[2 ] The Sydney Gazette, 9 November 1827, gave a different version of the Chief Justice's charge to the jury: "The Chief Justice recapitulated the evidence, and in observing on the defence set up, stated that the question was, whether from the relative situation of the prisoner towards his master, he had any disposing power over the property left in his charge.  As a matter of law, His Honor had no hesitation in laying it down that he had not.  The prisoner was an assigned servant to Mr. M'Henry; he was a prisoner of the Crown, under the sentence of the law, and acted as his master's groom.  The prisoner's possession, therefore, was the possession of his master, which being disturbed without legal authority, became taucious [tortious].  With respect to the prisoner's plea that he had not received any of the money for which the horse was sold, His Honor observed, that he could not direct his mind, after the evidence of Power, that the money was put in jeopardy, as the prisoner had directed Power to bring it to Hill's Tavern, where it appeared his master did not live, but was residing with a friend in Pitt-street.  Under all the circumstances of the case, he did not think the Jury could have any difficulty in finding the prisoner guilty, as there did not appear to be one single fact in his favour."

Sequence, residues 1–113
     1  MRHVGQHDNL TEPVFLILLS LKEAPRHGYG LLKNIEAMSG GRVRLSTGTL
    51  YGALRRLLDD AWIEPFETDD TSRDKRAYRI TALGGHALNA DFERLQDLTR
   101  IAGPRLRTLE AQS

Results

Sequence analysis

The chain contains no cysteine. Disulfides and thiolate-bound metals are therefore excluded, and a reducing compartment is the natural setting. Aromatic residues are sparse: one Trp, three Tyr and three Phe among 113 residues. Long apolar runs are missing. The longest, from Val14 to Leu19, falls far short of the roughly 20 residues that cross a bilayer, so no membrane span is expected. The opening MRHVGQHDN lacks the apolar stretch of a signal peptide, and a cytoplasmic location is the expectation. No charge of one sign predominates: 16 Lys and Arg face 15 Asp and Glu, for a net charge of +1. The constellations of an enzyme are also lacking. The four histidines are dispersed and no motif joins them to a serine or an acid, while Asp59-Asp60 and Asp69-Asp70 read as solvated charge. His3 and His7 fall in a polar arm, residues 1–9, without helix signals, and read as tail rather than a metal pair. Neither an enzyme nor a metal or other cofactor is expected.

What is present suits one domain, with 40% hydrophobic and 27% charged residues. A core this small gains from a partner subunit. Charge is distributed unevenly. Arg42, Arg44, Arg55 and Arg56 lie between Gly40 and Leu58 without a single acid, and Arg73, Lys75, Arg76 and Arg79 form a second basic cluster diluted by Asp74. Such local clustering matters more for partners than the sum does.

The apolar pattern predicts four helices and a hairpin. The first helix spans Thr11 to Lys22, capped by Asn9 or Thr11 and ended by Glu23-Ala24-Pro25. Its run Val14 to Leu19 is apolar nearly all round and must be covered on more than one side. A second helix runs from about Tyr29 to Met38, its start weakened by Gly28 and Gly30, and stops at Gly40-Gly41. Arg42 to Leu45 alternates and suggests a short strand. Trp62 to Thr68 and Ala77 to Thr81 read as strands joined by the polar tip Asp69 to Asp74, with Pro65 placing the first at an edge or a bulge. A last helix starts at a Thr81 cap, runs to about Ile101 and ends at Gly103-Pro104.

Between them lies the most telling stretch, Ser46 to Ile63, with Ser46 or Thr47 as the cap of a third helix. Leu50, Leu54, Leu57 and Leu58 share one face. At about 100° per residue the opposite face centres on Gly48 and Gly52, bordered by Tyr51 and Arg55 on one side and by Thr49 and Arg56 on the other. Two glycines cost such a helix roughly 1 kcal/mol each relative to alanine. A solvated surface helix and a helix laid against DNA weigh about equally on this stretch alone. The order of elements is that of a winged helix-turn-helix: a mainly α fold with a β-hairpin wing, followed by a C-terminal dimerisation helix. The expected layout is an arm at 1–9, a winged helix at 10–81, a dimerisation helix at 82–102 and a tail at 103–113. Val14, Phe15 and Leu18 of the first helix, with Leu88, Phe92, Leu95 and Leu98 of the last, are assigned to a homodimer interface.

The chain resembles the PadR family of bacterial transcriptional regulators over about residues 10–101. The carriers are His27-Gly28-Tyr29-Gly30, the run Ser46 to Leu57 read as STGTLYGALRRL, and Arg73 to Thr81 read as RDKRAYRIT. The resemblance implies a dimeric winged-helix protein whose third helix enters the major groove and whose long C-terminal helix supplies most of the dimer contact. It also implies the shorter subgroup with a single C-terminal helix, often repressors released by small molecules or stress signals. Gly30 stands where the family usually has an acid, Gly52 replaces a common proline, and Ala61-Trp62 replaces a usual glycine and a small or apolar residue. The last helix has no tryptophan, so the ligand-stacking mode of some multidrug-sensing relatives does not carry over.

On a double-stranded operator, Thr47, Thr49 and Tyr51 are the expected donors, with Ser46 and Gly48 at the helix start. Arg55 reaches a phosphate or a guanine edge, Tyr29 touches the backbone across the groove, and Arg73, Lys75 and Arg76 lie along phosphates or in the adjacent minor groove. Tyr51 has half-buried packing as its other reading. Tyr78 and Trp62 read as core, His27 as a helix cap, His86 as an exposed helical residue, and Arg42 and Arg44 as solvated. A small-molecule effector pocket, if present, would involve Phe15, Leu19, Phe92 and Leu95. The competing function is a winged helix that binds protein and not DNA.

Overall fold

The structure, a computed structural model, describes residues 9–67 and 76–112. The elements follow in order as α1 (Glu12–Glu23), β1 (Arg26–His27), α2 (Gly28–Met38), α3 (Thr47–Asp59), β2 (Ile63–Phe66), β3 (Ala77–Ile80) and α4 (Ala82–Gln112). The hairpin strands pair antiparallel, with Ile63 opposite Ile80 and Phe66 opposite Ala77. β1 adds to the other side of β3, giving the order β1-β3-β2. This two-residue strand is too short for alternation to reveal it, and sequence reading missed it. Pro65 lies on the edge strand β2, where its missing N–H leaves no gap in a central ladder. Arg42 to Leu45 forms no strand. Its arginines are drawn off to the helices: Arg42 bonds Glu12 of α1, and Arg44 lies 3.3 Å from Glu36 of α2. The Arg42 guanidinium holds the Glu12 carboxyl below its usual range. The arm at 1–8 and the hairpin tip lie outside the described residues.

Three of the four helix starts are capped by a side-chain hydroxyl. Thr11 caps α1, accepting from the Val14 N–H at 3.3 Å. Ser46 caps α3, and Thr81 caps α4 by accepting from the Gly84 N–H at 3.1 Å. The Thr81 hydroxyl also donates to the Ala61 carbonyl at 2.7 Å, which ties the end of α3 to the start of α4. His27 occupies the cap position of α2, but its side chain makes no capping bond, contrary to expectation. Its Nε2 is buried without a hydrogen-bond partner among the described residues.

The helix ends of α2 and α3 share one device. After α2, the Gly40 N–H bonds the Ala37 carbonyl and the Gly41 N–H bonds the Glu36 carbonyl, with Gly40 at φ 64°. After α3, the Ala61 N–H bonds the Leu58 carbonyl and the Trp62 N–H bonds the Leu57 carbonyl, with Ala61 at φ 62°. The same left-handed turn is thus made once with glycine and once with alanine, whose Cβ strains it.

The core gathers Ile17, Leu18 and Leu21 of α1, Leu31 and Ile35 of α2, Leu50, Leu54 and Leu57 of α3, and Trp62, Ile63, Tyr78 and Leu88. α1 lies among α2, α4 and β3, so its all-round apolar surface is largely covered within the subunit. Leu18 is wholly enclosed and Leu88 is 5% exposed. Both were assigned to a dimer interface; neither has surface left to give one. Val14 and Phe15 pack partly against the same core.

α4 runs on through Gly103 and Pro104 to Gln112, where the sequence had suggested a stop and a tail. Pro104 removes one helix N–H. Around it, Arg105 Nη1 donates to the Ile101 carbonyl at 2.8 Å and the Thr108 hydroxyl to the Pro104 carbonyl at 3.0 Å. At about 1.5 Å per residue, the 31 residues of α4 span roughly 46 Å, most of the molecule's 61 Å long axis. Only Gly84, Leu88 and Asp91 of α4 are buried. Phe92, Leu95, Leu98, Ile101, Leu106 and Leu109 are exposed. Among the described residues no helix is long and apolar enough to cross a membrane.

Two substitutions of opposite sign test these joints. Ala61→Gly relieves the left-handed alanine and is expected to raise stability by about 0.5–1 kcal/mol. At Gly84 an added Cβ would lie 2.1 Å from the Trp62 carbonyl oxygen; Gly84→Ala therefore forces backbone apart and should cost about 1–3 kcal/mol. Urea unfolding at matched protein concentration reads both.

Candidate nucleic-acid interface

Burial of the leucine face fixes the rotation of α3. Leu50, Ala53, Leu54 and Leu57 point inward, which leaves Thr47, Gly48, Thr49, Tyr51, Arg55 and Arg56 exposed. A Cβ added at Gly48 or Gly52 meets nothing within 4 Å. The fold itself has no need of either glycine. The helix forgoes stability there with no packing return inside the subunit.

Published by the Division of Law, Macquarie University